Germany Gives Itself Option to Tighten Grip Over Ex-Gazprom Arm

  • Oops!
    Something went wrong.
    Please try again later.
·2 min read
In this article:
  • Oops!
    Something went wrong.
    Please try again later.

(Bloomberg) -- Germany’s cabinet has passed a law that enables the government to take a stake in the group formerly known as Gazprom Germania GmbH.

Most Read from Bloomberg

Gazprom Germania, once an arm of the Russian gas giant, has been run by Germany’s regulator since April but the latest move strengthens the government’s hand as it wrestles with an energy crisis caused by Moscow’s squeeze on gas flows. It’s part of a set of measures adopted Tuesday to help stabilize the fragile energy industry.

The law allows the government to take a stake in companies under trusteeship against the will of its owner, two government officials said. Under the current rules, a capital injection for a company under trusteeship requires the consent of the owner. With the new rules, the economy ministry can order a capital injection to stabilize the company and guarantee energy security, a government official said.

A government spokesperson wasn’t available to comment.

Earlier this year, Economy Minister Robert Habeck had pushed for a full nationalization of Gazprom Germania but was overruled by Chancellor Olaf Scholz, according to people familiar with the discussion. Scholz was concerned that such a move could anger Russian President Vladimir Putin and lead to an escalation in the standoff over gas imports, the people said. Since then, Russia has squeezed gas flows to Germany, threatening industry and raising the specter of rationing.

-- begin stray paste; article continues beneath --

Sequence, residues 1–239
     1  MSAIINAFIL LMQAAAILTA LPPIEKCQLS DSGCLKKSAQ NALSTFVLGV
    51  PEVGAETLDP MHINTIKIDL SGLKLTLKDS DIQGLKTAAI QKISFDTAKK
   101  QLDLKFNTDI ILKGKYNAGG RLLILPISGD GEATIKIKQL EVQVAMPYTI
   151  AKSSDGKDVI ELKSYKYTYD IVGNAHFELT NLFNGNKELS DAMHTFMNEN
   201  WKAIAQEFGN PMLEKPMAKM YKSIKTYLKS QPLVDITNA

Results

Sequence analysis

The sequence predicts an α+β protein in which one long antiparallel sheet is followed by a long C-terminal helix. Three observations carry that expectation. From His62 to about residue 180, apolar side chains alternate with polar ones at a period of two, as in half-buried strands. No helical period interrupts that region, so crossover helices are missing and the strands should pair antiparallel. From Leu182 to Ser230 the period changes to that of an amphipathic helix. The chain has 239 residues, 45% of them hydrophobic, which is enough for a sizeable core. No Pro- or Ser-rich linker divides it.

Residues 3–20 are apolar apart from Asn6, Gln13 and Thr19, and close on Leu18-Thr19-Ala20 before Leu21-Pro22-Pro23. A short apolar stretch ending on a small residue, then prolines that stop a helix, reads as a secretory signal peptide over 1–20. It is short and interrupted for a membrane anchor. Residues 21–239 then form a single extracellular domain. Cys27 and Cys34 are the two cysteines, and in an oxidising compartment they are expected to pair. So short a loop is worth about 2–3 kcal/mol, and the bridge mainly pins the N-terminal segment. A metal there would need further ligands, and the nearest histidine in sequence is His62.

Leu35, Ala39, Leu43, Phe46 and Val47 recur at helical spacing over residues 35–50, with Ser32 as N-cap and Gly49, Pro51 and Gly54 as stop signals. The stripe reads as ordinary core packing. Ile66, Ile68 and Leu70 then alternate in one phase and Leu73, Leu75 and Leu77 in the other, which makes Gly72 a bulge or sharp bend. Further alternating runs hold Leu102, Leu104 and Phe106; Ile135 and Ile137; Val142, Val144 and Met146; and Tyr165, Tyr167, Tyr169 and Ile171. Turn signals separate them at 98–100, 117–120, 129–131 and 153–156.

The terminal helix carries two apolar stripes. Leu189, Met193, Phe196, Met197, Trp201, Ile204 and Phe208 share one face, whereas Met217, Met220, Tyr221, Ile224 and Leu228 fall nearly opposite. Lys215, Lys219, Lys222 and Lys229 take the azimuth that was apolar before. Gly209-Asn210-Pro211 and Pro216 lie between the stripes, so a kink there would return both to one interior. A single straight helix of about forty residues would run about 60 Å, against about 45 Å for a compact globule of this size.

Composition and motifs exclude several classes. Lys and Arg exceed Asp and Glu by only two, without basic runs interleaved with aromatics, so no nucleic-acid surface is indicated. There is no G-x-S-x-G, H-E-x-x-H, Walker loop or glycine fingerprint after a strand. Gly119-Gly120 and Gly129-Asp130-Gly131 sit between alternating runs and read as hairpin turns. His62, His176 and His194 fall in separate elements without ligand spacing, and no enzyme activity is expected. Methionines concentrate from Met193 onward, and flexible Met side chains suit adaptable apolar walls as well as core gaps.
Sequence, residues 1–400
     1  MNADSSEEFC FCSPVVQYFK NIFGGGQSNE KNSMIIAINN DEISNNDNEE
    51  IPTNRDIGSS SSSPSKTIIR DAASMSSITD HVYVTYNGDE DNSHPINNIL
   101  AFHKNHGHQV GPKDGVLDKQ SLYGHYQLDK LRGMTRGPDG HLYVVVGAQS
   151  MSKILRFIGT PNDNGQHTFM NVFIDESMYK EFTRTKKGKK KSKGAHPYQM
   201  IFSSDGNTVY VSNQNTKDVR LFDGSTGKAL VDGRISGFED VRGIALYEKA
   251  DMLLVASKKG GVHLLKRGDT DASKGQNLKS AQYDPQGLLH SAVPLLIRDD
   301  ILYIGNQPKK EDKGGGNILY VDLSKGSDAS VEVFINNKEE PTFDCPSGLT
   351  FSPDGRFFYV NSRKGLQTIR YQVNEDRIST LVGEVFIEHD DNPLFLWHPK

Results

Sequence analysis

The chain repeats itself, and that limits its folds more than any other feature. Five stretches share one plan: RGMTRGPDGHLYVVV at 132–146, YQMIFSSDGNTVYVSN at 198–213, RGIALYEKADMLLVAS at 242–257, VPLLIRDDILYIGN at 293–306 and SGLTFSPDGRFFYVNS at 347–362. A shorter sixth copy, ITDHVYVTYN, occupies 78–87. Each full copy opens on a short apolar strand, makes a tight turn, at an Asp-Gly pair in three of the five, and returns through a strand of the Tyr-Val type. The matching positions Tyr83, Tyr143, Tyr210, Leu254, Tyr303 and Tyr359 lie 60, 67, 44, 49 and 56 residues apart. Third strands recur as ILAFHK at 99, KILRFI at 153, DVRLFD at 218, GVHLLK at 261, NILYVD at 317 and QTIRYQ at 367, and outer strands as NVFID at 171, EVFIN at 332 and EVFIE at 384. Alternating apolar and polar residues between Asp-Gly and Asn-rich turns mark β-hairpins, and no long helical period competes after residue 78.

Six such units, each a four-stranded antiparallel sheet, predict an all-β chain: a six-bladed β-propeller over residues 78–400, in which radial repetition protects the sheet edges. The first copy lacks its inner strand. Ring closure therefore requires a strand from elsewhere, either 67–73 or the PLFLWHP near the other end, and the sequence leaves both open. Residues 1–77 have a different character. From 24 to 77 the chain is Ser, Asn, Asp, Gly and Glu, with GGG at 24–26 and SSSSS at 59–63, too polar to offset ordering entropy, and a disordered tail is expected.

Read: Germany to Lend Up to $10.4 Billion to Save Ex-Gazprom Unit

The group’s Astora unit operates Germany’s biggest gas storage facility in the northern town of Rehden in the state of Lower Saxony. The site is considered key to Germany’s energy security.

Germany would pay compensation to the current owner for taking a stake, the official said, raising the prospect that the country may need to pay Moscow if it seizes ownership of the group, now known as Securing Energy for Europe GmbH, or SEFE.

Gazprom has said it no longer owns its German unit and all its subsidiaries. The Russian company didn’t disclose the new ownership, but regulatory filings showed the transaction involved Joint Stock Company Palmary. It isn’t clear who the ultimate beneficial owner of Palmary is.

Back in April,, Germany took the group -- owner of energy supplier Wingas GmbH, a gas storage firm and a London-based trading arm -- under trusteeship of the energy regulator. The Federal Network Agency has currently the power to manage SEFE to ensure security of supply but has so far refrained from nationalizing it.

Most Read from Bloomberg Businessweek

©2022 Bloomberg L.P.